Graphs and Stories - Malcolm Swan, The Language of Graphs
"Most students leave school knowing how to plot a graph from a table of numerical values, but far fewer are competent at interpreting graphs. But in the real world interpretation is more important than plotting. This WWW page is about graph interpretation - the skill of putting a story to a graph. "

Hare and Tortoise Game - Chris Povich
Each turn consists of three moves. The player rolls a die a total of three times per turn; after each roll, the player's marker is moved one place to the left if the number on the die is odd and one place to the right if it is even. Students calculate probabilities of landing on different positions, and use Resampling Stats software to write a program that will model the hare/tortoise game.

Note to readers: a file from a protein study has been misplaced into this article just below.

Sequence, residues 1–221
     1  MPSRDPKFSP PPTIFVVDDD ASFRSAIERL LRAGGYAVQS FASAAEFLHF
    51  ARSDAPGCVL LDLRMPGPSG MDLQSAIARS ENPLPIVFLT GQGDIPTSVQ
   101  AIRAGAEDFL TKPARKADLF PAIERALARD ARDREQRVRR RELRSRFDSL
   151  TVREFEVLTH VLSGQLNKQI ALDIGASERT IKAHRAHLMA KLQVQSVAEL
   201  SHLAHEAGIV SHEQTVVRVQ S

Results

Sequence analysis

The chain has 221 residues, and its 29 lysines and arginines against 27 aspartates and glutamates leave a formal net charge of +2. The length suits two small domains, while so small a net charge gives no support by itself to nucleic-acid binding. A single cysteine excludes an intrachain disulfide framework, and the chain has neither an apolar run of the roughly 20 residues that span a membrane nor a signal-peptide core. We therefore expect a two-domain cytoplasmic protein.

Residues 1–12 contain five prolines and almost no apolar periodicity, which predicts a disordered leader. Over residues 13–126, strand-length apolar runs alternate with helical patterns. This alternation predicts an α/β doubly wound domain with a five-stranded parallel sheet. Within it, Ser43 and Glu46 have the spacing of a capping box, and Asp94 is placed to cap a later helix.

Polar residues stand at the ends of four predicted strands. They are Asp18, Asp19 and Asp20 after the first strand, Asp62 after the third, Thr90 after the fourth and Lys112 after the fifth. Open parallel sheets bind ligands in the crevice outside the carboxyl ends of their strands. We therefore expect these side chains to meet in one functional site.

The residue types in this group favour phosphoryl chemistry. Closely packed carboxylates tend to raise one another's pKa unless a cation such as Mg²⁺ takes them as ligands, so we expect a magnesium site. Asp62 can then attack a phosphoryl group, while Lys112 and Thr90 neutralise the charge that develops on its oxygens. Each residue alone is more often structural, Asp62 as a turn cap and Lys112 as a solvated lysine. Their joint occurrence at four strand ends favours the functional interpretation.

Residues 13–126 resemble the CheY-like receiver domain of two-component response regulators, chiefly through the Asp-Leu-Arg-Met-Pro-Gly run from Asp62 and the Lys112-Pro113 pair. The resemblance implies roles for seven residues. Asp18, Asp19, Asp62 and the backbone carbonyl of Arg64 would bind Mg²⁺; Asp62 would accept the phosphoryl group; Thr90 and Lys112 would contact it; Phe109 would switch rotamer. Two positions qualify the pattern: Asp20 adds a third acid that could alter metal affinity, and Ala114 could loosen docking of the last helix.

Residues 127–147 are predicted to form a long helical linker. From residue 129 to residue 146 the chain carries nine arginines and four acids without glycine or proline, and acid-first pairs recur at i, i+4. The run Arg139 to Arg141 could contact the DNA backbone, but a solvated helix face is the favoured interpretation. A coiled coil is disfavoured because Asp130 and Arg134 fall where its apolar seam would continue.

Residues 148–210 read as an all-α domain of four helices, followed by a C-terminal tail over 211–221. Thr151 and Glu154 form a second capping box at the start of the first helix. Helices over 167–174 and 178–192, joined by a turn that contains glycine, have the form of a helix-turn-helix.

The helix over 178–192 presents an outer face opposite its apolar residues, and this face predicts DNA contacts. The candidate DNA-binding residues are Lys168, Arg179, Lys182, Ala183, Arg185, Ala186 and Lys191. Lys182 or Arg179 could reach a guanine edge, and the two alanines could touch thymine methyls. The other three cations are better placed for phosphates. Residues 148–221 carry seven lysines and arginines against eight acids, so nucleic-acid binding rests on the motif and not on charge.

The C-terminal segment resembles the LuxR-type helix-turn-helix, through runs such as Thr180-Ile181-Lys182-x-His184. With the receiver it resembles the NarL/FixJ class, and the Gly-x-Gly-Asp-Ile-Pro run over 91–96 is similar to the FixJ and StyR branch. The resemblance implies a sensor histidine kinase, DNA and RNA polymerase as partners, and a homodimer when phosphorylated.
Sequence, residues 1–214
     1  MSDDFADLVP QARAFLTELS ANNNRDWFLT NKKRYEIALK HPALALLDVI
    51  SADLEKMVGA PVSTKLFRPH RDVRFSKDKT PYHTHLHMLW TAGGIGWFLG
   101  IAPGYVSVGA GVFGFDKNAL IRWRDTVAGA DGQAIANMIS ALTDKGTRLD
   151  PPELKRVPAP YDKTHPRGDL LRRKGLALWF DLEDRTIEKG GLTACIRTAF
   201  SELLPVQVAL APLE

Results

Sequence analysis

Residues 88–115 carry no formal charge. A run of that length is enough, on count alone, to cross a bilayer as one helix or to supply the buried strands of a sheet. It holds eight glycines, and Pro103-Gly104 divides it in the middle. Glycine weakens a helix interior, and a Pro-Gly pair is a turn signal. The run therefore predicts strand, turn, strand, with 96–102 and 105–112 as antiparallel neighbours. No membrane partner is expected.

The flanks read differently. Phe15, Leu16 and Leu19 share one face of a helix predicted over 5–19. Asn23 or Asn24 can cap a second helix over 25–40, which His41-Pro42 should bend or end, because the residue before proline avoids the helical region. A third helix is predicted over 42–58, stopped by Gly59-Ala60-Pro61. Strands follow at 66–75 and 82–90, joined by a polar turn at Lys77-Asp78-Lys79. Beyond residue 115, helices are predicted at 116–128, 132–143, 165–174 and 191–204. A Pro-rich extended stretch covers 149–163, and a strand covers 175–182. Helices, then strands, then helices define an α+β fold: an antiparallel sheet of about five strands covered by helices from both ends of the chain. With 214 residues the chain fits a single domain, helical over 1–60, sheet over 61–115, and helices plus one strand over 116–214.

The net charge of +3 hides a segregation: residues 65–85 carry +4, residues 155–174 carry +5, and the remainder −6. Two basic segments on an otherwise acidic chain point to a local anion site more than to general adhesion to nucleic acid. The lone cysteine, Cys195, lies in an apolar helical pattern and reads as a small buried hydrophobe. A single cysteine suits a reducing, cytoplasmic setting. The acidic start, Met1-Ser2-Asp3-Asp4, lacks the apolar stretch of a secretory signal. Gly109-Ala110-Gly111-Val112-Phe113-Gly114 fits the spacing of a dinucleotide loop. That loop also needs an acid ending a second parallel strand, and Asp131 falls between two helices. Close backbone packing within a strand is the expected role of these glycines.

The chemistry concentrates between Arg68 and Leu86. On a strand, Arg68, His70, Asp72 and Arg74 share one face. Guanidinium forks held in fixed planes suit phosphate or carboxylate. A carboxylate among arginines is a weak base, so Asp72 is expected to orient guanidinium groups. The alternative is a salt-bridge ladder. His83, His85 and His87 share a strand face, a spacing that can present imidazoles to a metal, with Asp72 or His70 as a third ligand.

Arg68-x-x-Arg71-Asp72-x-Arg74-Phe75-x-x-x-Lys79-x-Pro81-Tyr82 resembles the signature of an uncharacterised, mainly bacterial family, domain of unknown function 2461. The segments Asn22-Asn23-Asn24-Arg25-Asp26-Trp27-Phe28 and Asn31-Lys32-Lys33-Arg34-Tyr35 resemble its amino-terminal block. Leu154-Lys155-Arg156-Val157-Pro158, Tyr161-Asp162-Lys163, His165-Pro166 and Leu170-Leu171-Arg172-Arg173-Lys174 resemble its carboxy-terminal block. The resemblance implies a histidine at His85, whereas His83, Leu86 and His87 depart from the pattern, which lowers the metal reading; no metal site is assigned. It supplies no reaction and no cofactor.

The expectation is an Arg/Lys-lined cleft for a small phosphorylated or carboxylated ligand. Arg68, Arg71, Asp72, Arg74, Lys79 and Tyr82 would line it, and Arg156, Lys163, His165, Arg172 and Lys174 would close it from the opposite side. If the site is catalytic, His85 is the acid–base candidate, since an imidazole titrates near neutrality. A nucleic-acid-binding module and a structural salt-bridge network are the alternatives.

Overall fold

The Hermit's Epidemic - Jay Hill
Expected value has very practical applications. Despite the somewhat unrealistic nature of the Hermit Problem, it can show how expected value can be used in the study of infectious diseases. This project tracks the spread of a disease on a desert island with hermits on it. It uses the internet, a computer program (written in Future Basic), and other student activities to explore the concept of expected value (i.e. How many hermits do we expect to get the disease?).

Houston Area Real-Time Traffic Report - Susan Boone
Students calculated the time needed to travel a distance given the rate of speed; data were collected using "real-time" traffic maps of the greater Houston area and over a period of one week, one month, and one school year, traffic patterns were studied at various times of the day. At the completion of the study students wrote a report and sent their results via email.